Stacy Carter’s dedication to understanding her clients’ needs and her enthusiasm for helping her clients thrive has fueled her career. As general counsel for Techstars, Carter helps young companies and entrepreneurs succeed daily.
Before law school, Carter worked as an accountant in the tax department at KPMG. "I discovered I liked mergers and acquisitions," she recalled. "I realized that I wanted to approach the work from the legal side of things." While Carter earned her undergraduate and master’s degrees from the University of Virginia, she decided to come to Colorado for law school. “I knew some folks in Colorado and I since I wanted to come out West, this was a good opportunity," she said.
As a student at the University of Colorado Law School, Carter concentrated on business, tax, and accounting classes. She also participated in moot court during her third year. Her decision to join the Family Law Clinic allowed Carter to step outside her comfort zone and gain valuable skills. "I was interested in seeing a different kind of law," she said. "It was an incredible experience. I learned so much from the clinic, such as how to empathize with a client and how to listen. I still use both in practice today."
Additionally, Clinical Professor and Co-Director of the Juvenile and Family Law Clinic Colene Robinson inspired Carter. "Professor Robinson was an influence throughout my time at school and into my career. In the family law clinic, you’re working with minors, and representing kids is tricky. Professor Robinson taught us how to think about their interests and how to get clients to trust you and open up to you. All of those lessons have served me well in my career and aren’t something you can necessarily get from working at a law firm."
Carter focused on business law throughout her time at Colorado Law. "I returned to KPMG as an intern during the summer after my first year," she said. "I interned at Cooley after my second year and returned to Cooley after I graduated from Colorado Law." At Cooley, Carter worked mainly on emerging companies and mergers and acquisitions. "After a few years, I had the opportunity to work for a client, Rally Software. I was their second in-house attorney and it was a wonderful and unique experience to be an integral part of taking the company public and selling it to a multinational corporation, CA Technologies," she said of her proudest professional moment.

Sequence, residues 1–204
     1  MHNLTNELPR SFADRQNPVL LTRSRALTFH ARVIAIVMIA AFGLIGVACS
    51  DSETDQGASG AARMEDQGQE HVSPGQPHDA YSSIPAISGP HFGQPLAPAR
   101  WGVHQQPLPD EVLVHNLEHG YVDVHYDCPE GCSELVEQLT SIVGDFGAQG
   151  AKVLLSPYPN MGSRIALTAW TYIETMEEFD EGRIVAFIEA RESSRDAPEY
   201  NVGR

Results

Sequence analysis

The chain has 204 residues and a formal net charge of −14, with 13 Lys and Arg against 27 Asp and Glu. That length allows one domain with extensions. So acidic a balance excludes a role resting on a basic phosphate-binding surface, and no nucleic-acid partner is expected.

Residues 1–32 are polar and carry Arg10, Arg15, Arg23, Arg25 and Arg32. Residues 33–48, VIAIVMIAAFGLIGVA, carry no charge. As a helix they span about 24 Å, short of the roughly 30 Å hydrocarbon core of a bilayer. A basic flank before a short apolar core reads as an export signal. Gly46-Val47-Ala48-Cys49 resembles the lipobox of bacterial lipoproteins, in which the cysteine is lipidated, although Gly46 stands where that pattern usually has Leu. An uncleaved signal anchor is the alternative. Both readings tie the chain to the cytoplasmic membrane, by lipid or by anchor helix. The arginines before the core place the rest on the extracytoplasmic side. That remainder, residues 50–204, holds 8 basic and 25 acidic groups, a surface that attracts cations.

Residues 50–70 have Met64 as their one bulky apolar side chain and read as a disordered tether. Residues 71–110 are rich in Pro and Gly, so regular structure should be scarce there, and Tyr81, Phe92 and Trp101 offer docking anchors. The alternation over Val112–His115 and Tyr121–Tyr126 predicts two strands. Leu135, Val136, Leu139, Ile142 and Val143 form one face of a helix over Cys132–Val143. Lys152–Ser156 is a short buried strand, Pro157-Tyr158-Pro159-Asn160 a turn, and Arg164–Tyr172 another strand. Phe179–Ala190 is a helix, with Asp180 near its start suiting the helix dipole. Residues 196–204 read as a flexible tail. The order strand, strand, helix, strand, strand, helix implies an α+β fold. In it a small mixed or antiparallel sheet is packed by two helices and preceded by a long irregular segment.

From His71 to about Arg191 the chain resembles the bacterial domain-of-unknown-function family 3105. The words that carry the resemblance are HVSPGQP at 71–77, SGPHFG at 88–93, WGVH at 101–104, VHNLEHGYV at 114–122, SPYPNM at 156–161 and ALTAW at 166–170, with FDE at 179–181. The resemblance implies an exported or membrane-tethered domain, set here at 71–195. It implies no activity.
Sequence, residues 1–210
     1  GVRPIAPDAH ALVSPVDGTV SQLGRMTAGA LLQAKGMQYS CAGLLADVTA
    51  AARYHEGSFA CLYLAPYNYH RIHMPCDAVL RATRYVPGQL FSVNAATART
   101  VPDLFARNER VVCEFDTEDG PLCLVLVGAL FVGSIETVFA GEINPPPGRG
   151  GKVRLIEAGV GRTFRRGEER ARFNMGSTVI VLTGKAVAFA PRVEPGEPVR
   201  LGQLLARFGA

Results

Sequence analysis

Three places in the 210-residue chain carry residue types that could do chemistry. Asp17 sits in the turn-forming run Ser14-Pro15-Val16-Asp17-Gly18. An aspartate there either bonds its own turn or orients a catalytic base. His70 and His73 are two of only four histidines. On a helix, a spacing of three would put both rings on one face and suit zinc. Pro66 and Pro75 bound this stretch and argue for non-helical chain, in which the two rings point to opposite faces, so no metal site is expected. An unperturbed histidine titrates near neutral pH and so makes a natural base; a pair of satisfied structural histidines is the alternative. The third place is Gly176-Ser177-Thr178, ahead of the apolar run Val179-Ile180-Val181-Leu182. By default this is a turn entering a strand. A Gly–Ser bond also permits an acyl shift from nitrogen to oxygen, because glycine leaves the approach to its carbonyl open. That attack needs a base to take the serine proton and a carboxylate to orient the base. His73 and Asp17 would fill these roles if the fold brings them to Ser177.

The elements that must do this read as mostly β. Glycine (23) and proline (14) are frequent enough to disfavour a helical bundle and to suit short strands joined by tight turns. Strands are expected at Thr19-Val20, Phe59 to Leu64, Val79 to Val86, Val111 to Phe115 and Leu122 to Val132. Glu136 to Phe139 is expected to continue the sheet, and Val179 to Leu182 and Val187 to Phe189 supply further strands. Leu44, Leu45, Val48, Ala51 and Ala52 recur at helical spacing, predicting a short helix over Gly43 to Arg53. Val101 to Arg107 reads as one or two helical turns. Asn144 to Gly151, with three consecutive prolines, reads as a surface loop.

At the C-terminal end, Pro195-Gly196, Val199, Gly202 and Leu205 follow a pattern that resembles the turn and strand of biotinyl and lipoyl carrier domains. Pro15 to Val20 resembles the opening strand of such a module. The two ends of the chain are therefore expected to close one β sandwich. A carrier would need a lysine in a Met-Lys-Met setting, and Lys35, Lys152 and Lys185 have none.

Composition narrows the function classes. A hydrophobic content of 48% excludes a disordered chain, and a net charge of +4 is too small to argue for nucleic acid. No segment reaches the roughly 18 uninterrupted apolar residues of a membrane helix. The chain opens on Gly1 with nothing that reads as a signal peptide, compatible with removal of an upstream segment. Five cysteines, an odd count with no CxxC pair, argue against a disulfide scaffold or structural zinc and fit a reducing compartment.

"Working in-house is a really great opportunity to work with other people who aren’t lawyers. You get to see the business through the business lens and see how broader strategies fit in," she said. For young attorneys who are thinking of making a similar switch, Carter offered two pieces of advice. "First, know the right time to move in-house is important and not waiting too long. Second, it’s really important for in-house attorneys to have transactional experiences. Contract drafting and negotiation experiences are critical."
After working for Rally, she moved to work in-house at Sphero, a local robotics and educational company. “I was general counsel at Sphero for a few years and it was really neat to work at a company where we made a product that goes on the shelves. It can be difficult to explain what your job is when you’re working in-house at a tech company. But it wasn’t hard at Sphero because it’s toys,” she joked. “The company was great. It was wonderfully creative and during the day people would drive and race robots up and down the hallways and through obstacle courses.”
Recently Carter transitioned to Techstars, the worldwide network that helps entrepreneurs succeed. "Techstars focuses on helping smaller companies grow their business and succeed," she explained. "It has been great to build our own legal team. We have a larger in-house legal team and it’s fun to think about recruiting and bringing new lawyers on board, especially Colorado Law graduates. Techstars is also global and it can be tricky taking calls at odd hours but it’s also really great bringing in so many different perspectives from all around the world."
In addition to the growth of the legal department, Carter is excited about the growth of Techstars overall. "We ran 40 accelerators this past year, working with 400 start-ups around the world. There’s a ton of opportunity for mentorship. We’re working with young CEOs who are passionate and eager, it’s unmatched to anything you will come across in a law firm."
Outside of her job, Carter enjoys watching her husband and children play soccer, and playing herself. "We all play soccer," she said. "We have four or five games a weekend and I love watching my whole family play. We also watch professional soccer and we’re huge fans of Liverpool FC and the U.S. Women and Men’s National teams."
What is your fondest memory of being a student at Colorado Law?
Making wonderful friends, many of whom are now my colleagues and outside counsel.
What do you know now that you wish you had known in law school?
I wish I understood networking better and how it changes with your years of experience. Networking early on in your career is probably as simple as doing an amazing job for your clients and more senior attorneys and making sure your work is visible.
What advice would you give to current students as they’re preparing to graduate?
You have a long career ahead of you, where you’ll hopefully have many amazing roles. Be patient, but always have a three- to five-year goal that you continue to work toward.
Who was the biggest influence on your career?
Jim Lejeal was CFO at two of the companies where I worked in-house, and I’m glad to call him a mentor and friend. His work ethic, ability to teach hard financial and legal concepts to any audience, and talent finding the right balance between the needs of the business and regulatory or other risk concerns were invaluable to me as I learned to be a general counsel.